Hypothesis: Delayed surgical treatment of unstable distal clavicle fractures is associated with a higher complication rate. Materials and methods: Between 1998 and 2008, a retrospective study of 38 patients (average age, 42.9 year) with Neer type II clavicular fractures was performed. Fractures were treated with a hook-plate (22 patients) or with superior locked plate with suture augmentation (16 patients). Patients were divided into acute (27 patients) or delayed (11 patients) treatment groups based on the timing of surgical intervention before or after 4 weeks. All had clinical and radiographic follow-up for 1 year or until fracture union. Results: Union was achieved in 36 of 38 patients (94.7%). The acute treatment group had an average American Shoulder and Elbow Surgeons score of 77.9 compared with 65.0 in the delayed group. Six complications occurred (15.8%) including 2 infections (5.3%), 1 hardware failure (2.6%), and 3 peri-implant fractures (7.9%). The complication rate was 36.4% in the delayed group vs 7.4% in the acutely treated group (P = .047). Discussion: A high rate of union was observed in all cases regardless of timing or method of fixation. Despite a high rate of union, the results of treatment in the delayed group were more problematic. Patients treated with a hook-plate in a delayed fashion had more complications than those treated in an acute fashion (P = .039). Peri-implant fractures occurred only in patients treated with hook-plates. Conclusion: Surgical timing played a critical role in the outcome and complication rate in treatment of unstable distal third clavicle fractures. © 2010.


Walker J.P.,East Texas Medical Center | Morrison R.L.,East Texas Medical Center
Journal of the American College of Surgeons | Year: 2011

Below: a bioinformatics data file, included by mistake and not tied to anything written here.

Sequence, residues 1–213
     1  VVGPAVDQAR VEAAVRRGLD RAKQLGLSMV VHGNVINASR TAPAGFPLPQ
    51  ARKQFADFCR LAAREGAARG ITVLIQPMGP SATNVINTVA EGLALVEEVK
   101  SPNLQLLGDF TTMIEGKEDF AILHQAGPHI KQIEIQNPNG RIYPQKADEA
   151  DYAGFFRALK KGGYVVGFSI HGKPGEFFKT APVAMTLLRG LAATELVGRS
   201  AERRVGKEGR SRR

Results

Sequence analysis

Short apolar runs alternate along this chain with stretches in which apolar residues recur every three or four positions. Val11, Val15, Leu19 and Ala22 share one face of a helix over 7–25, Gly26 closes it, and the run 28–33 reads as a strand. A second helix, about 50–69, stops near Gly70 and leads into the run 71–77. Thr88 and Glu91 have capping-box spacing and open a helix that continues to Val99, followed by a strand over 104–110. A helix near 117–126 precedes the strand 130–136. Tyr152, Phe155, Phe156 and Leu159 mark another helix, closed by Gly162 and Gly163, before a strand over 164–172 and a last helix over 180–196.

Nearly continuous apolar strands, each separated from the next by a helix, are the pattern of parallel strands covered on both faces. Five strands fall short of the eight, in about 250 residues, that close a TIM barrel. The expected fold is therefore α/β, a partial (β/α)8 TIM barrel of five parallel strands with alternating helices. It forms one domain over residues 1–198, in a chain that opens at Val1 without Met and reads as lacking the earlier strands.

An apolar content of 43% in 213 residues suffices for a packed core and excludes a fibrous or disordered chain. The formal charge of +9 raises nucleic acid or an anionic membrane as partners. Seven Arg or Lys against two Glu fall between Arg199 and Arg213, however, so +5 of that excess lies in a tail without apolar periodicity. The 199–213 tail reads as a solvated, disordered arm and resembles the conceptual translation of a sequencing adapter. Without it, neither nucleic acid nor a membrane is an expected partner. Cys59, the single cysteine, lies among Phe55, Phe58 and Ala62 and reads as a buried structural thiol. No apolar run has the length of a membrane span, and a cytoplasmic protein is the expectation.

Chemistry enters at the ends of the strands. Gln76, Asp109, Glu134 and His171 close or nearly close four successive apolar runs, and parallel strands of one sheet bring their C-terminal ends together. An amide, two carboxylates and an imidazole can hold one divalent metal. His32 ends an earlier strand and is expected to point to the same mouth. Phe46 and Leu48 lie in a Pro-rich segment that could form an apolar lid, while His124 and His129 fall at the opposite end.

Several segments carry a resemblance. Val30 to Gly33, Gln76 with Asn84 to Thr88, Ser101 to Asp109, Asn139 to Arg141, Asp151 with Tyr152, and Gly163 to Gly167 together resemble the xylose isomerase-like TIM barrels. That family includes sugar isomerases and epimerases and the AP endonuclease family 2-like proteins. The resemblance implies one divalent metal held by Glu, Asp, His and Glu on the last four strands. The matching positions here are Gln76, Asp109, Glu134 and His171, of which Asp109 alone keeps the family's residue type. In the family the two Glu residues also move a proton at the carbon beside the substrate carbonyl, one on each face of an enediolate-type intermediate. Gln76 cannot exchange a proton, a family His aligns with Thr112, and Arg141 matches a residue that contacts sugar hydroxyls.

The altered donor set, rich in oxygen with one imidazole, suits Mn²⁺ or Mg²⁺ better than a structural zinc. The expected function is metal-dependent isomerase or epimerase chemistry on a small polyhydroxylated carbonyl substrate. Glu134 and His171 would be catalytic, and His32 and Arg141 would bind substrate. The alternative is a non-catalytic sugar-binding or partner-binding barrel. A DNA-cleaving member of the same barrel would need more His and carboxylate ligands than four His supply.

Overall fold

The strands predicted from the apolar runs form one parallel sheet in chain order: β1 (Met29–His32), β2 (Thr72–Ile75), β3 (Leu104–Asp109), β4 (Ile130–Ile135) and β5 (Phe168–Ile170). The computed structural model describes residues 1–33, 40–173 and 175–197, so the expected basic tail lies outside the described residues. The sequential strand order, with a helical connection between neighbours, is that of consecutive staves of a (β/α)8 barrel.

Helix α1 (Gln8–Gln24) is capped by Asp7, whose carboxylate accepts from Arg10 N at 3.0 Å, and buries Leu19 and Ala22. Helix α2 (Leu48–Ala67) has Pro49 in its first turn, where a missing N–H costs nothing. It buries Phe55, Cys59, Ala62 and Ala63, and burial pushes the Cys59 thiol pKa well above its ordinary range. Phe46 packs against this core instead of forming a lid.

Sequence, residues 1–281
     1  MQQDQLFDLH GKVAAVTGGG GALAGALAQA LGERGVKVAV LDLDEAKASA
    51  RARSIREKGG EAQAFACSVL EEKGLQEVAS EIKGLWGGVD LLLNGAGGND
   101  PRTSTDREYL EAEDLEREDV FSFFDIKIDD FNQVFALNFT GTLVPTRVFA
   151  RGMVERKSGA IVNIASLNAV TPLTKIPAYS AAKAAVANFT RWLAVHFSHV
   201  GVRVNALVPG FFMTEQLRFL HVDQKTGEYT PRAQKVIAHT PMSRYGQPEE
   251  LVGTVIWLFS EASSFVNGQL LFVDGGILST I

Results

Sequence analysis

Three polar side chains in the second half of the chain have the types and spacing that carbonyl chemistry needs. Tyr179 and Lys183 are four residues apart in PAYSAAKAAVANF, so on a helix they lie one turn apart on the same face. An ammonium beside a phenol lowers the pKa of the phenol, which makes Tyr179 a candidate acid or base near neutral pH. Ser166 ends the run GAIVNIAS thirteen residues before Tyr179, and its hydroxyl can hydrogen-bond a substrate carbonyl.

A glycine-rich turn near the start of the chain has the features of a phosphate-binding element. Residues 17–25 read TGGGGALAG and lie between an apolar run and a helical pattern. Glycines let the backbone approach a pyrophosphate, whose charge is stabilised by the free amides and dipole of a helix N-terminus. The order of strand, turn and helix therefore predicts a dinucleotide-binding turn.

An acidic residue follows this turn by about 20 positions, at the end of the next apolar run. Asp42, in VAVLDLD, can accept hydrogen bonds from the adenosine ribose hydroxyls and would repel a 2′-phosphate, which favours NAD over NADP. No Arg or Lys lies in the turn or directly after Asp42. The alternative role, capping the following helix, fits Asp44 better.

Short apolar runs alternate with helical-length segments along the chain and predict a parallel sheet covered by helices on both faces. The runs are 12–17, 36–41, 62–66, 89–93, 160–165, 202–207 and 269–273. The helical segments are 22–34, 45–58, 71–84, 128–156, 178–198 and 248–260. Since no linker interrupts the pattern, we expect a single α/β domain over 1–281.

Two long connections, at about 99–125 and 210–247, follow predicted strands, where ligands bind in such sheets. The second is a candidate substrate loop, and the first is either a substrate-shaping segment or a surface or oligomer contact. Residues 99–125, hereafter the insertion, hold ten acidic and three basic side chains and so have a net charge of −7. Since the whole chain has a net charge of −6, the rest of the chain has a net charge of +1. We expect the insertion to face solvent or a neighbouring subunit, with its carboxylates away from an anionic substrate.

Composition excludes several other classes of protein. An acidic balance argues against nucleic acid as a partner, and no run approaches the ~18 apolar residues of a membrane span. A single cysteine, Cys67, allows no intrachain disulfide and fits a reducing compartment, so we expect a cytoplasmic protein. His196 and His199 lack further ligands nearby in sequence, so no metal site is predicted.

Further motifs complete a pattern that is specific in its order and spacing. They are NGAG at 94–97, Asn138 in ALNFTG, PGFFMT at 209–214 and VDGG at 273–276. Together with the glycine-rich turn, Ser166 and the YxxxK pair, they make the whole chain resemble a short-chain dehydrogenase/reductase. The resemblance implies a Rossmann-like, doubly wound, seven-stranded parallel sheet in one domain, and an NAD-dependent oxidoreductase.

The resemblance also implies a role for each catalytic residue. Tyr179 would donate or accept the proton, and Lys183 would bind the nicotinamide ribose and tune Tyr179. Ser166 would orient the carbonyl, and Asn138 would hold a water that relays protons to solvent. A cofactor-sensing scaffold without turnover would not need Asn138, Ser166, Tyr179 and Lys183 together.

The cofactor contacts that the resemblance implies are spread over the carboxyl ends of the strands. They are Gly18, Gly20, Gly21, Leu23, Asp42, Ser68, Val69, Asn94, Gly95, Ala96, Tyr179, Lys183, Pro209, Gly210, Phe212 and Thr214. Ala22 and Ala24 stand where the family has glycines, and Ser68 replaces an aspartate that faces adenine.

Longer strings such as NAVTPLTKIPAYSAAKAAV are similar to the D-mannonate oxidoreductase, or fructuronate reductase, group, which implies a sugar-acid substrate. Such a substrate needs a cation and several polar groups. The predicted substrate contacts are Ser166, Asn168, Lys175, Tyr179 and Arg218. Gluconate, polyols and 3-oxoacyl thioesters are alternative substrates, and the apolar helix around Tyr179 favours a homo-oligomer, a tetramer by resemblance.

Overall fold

Background: Several thousand snakebites occur annually in the US, but fewer than 10 deaths occur. Most deaths are from envenomations by rattlesnakes (Crotalus species), but deaths from copperhead and water moccasin (Agkistrodon species) are rare. Study Design: All snakebites presented to East Texas Medical Center, Crockett, a level III trauma center, from 1995 to 2010 were reviewed. A total of 142 snakebites were treated. Ninety-four were of the Agkistrodon species-contortrix contortrix (copperhead) or piscivorus leukostoma (water moccasin). Three were rattlesnakes, and 3 were from the Texas coral snake (Micrurus fulvius tener). Forty-two were unidentified pit vipers. The following results are of the 88 copperhead bites. Results: The most common presenting symptoms were pain and swelling. Eighty-five percent were of grade 1 envenomations. Ten patients had laboratory abnormalities secondary to the snakebite. Forty-four were admitted for observation. The average length of stay for patients admitted was 2 days. No patients received antivenom, and no patients required surgical intervention. There were no deaths. One patient had edema and ecchymosis that persisted for more than 1 month. Conclusions: Accurate identification of the pit viper species involved in snakebites is essential. Although envenomation by a rattlesnake (Crotalus species) may require antivenom and uncommonly surgery, a bite by a copperhead (Agkistrodon contortrix) rarely requires any intervention other than observation. The unnecessary use of antivenom should be discouraged. © 2011 American College of Surgeons.